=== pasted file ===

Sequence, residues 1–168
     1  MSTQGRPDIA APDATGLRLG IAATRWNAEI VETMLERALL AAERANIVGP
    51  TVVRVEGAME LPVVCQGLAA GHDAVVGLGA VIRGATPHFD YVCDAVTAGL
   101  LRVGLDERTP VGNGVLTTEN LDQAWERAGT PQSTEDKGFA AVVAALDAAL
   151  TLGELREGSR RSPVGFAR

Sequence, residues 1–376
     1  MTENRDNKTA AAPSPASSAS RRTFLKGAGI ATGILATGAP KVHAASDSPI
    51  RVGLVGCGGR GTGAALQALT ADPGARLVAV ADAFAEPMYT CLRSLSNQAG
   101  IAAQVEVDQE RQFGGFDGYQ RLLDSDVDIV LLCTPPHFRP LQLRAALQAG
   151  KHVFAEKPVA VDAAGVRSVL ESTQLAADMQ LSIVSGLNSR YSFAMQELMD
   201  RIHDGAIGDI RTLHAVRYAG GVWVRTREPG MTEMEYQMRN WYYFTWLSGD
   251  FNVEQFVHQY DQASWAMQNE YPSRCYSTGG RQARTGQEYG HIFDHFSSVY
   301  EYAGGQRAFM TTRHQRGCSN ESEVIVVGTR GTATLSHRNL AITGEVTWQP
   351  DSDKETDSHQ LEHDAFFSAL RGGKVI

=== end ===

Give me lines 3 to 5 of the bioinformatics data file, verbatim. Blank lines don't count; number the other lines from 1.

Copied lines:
    51  TVVRVEGAME LPVVCQGLAA GHDAVVGLGA VIRGATPHFD YVCDAVTAGL
   101  LRVGLDERTP VGNGVLTTEN LDQAWERAGT PQSTEDKGFA AVVAALDAAL
   151  TLGELREGSR RSPVGFAR